Advanced Micro Devices decided that Chief Operating Officer Lisa Sue will replace Rory Read as the chief executive. Read’s mandate started in 2011 and did not yield the expected results. In fact, AMD managed to lose more market share during the last three years, while its rival, Intel, maintains a strong leadership.
Lisa Su, 44, earned a Phd from Massachusetts Institute of Technology. She works for AMD since 2012 and holds the COO position since July 1. Before joining AMD, Su was Senior Vice President of Freescale Semiconductor Holdings from 2007 to 2011.
Recent diversity reports state that Silicon Valley is dominated by men. Having a woman leading one of the largest tech company is a great example to be followed by other companies. The majority of the first computer programmers were women, but as the domain rapidly advanced in the 80s, men started taking over.
During the press meeting, Read praised Su. “She’s a semiconductor professional,” he said. “She loves this space. She knows this space.” Read pointed that “Lisa’s ready and this is the right step in the transformation to lead forward.” Read will step down, but he will continue to work for AMD as consultant.
Although his performance was less successful than expected, Read managed to bring AMD back on track as he made the company profitable again. AMD provides chips for all major gaming consoles, Microsoft Xbox, Sony Playstation and Nintendo Wii. The major success will remain Read’s most significant legacy as CEO.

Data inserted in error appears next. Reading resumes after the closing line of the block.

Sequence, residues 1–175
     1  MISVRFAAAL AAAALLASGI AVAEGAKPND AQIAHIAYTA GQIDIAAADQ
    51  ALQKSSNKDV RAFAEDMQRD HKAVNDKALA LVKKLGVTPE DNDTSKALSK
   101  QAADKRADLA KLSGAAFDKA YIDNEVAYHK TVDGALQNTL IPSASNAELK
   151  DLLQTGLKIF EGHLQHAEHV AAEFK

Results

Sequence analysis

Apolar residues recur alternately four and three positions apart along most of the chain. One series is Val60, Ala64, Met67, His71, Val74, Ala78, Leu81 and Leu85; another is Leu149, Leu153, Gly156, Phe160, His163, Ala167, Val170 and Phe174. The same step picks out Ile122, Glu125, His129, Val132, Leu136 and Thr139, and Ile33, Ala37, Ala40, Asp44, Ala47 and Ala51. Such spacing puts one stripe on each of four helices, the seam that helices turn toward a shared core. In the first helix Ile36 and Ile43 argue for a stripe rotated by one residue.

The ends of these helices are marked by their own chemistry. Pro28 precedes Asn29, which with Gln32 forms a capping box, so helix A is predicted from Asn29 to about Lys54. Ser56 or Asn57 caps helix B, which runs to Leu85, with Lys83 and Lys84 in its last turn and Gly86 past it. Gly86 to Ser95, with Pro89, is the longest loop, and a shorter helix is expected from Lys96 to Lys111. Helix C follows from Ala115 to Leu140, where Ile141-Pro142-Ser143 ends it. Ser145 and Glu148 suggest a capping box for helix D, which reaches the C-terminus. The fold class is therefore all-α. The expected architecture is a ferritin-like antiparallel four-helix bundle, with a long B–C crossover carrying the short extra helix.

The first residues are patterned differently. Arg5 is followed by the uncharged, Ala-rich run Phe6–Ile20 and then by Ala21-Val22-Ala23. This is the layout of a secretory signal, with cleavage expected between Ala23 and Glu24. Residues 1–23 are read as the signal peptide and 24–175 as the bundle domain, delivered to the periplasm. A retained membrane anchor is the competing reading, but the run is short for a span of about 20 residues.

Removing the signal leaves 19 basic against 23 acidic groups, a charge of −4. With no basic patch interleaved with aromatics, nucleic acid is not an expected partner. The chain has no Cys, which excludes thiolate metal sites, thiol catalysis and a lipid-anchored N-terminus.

Now the company will follow a three step transformation. First, AMD’s business will be reset, then it will be restructured and, finally, the third step will comprise “right technology investments.” While the language is vague, Su added that AMD will continue to diversify its products.
Analysts claim that the move is important because, even with around 20 percent market share, AMD is Intel’s strongest competitor. Vigorous market competition will be highly beneficial to average users. But the battle takes place on a shaky ground.
Intel is still the king of silicon, but its reign may not last for long. Both Intel and AMD, the veterans of PC microprocessors, have to face competition from Qualcomm and Samsung, among others. Samsung recently announced a massive $15 billion investment in a new chip plant in South Korea. As the PC is rapidly being replaced by mobile computing units, Intel and AMD may soon face Microsoft’s fate. Once the leader of the software market, the giant now struggles to catch up with Google.